David Hines (hradzka) wrote,
David Hines

The tsunami horror

There is a saying in military circles: amateurs talk tactics; professionals talk logistics. Forensic circles see similar stuff, sometimes. Amateurs often talk emotions. Lots of people ask how forensics people feel about their job, or about particularly gruesome stuff of one type or other. If it bothers you. The short answer is, "not all that often." Forensoids tend to be problem-oriented. Somebody has to deal with the bad stuff, and if you're a forensoid in that position that somebody's you, so you've got to figure out how to do it. Hence, logistics.

I can't even begin to imagine the logistics of this:
Named with grim irony Samudradevi, or Queen of the Sea, the train that left Colombo Fort station shortly after 9am on Sunday for its regular run to the southern city of Galle was full even by Sri Lankan standards.

As many as 1,700 passengers crammed its carriages or hung from the sides. It was a holiday weekend as well as a full-moon day when Buddhists offer special monthly prayers and people travel to visit relatives.

For most of its length the railway runs close to Sri Lanka's west coast, sometimes within sight of the beach. At Telwatta the track cuts through thick palm groves and the sea, 200 metres away, is barely visible.

Without warning, two hours after leaving Colombo, most of the train's hot and swaying throng were dead. A giant wave roared through the trees and threw the carriages off the rails, filling them instantly with water.

1700 people.

What I refer to on LJ as Jurisdiction City is not that big a town,.but it's big enough. The office I work at here has handled about 1700 people this year.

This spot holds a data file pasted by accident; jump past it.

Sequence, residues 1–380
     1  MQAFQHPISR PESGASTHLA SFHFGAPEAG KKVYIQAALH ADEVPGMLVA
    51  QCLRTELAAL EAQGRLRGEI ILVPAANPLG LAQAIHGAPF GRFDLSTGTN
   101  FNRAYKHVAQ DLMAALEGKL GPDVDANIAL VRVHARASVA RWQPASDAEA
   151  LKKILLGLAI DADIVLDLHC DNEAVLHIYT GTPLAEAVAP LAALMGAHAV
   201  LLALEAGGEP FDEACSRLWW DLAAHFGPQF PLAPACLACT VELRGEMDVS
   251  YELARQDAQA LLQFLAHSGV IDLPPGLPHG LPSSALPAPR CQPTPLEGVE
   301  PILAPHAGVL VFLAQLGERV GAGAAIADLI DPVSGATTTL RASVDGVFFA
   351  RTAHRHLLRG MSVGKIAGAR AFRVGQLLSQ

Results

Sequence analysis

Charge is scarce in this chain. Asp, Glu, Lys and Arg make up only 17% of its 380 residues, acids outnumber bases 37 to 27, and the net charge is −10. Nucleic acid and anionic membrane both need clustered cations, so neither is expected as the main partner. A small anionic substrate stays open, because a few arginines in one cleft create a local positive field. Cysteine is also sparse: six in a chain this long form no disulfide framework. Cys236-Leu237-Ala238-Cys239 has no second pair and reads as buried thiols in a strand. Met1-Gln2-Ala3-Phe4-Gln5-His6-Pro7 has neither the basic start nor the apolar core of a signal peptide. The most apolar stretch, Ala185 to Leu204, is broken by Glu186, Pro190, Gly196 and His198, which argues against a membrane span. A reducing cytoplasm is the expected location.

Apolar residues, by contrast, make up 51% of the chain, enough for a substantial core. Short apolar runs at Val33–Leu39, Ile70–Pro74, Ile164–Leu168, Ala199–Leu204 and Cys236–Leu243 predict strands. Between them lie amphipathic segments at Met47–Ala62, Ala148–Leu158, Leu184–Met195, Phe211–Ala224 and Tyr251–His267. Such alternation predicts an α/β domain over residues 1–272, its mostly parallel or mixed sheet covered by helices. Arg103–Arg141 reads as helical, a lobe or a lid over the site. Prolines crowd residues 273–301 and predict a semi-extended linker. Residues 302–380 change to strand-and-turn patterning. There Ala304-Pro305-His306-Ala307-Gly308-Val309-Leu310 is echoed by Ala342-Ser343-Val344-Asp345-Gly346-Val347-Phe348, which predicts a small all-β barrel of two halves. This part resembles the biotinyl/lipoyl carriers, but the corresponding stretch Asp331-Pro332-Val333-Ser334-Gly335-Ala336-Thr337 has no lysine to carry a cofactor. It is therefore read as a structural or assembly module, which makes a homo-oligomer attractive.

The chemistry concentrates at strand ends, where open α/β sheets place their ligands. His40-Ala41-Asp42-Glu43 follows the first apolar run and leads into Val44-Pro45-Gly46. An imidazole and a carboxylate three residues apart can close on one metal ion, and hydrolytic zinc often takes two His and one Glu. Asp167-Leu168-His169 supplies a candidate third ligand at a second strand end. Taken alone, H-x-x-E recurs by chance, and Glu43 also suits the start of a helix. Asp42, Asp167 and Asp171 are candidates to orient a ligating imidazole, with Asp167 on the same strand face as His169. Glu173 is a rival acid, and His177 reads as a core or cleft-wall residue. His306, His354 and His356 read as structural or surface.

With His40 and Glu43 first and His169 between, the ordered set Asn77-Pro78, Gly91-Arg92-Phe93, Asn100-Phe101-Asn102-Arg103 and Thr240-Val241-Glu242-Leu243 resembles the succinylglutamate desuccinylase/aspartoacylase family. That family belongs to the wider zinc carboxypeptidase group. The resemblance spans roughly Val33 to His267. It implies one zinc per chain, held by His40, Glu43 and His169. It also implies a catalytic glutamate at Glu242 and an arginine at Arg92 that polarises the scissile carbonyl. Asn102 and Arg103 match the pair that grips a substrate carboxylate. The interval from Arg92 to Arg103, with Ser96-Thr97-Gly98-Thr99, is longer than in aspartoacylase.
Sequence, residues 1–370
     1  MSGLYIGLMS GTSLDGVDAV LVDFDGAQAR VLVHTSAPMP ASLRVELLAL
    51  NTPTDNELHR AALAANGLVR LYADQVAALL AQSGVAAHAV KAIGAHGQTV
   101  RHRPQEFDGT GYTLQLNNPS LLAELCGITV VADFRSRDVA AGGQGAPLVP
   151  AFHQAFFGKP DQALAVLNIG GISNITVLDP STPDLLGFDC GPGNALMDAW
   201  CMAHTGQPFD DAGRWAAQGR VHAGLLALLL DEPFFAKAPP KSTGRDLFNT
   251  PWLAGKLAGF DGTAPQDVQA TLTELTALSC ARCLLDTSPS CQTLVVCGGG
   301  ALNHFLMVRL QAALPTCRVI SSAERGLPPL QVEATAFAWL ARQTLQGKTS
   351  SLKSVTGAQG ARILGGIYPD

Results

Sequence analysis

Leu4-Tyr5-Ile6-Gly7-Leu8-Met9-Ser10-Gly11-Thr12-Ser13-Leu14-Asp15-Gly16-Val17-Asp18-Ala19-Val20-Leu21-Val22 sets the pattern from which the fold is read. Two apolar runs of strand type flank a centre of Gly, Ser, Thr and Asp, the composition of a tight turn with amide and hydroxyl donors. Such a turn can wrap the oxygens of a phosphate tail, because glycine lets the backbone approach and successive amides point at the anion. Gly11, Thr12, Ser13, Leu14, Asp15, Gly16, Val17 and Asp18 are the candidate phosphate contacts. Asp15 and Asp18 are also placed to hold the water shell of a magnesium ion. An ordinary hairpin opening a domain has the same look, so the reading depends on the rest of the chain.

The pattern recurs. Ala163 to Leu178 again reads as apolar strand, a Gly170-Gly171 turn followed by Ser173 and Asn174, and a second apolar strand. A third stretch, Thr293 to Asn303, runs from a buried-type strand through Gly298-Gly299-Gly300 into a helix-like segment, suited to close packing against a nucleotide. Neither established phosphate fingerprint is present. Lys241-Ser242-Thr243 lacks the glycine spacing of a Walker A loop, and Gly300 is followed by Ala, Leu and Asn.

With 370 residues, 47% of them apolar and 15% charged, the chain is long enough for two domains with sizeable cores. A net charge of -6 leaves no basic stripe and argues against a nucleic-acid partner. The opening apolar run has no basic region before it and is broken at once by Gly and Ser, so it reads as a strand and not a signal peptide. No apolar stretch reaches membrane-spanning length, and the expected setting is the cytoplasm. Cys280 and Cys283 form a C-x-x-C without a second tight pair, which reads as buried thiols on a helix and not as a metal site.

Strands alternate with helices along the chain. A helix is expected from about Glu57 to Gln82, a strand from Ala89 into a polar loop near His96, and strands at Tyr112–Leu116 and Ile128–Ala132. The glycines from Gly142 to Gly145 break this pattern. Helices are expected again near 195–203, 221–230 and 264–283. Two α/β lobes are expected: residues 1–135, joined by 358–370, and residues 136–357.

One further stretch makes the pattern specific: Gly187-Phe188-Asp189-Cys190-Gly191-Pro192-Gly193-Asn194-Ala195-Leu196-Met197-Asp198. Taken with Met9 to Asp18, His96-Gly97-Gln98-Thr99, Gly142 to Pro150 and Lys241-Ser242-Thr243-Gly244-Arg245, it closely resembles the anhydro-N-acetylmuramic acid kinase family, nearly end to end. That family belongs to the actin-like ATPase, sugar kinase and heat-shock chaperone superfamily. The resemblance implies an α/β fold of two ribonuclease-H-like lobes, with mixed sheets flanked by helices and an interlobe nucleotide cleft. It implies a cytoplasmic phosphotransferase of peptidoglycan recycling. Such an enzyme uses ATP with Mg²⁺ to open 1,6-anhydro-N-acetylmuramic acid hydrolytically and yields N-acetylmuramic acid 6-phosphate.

The total death toll from the tsunami continues to go up. As I type this, it's around 60,000 lives.

Here's what that means, in logistics:

A lot of people are never going to be found. Most of the people who are found will not be identified. It simply is not possible. There is not the time, the manpower, the *capability* to handle all of the work that would have to be done, and that's before you factor in nature. A lot of places are doing the only thing they can do, and burning corpses en masse, simply because there's no way to handle the transportation and biohazard problems. And that's a good and wise thing to do. They're going to face godawful public health emergencies as it is; no sense making it worse. A lot of people will never know for sure what happened to family members. That's bad. But as consequences go, it's one that a hell of a lot more people can live with. I mean that quite literally.

Amateur videos from various locations can be found here, and I found it very eerie to watch. We like to think we know what danger looks like, but it turns out a tsunami doesn't look anything like you'd think. I think "tsunami" and picture one huge obviously out-of-place giant wave, like those monsters off Hawaii's North Shore, but more so. That's wrong. Just how wrong can be seen as you watch the video taken by some folks in Malaysia, who are chattering happily (not in English) about the waves. It looks nice, a bit rough maybe, but nothing too bad, and then all of a sudden a wave hits the bottom of their deck, and they get a little thrill at viewing the ocean's power from a position of safety, unlike the poor sod who's on the beach and trying to get out of the way. Big waves, very funny, folks laugh. And then they KEEP COMING and all of a sudden the ocean is in your lap. And it doesn't stop.

On the other hand, sometimes it really does look like a huge wave. And it doesn't stop when you think it will. That's what I find the most frightening thing, and if I repeat myself it's because it really chills me: it's not a huge perfectly sculpted wave, just an ugly mass of water that does not stop.

If you pray, say a prayer for the living. And the dead.

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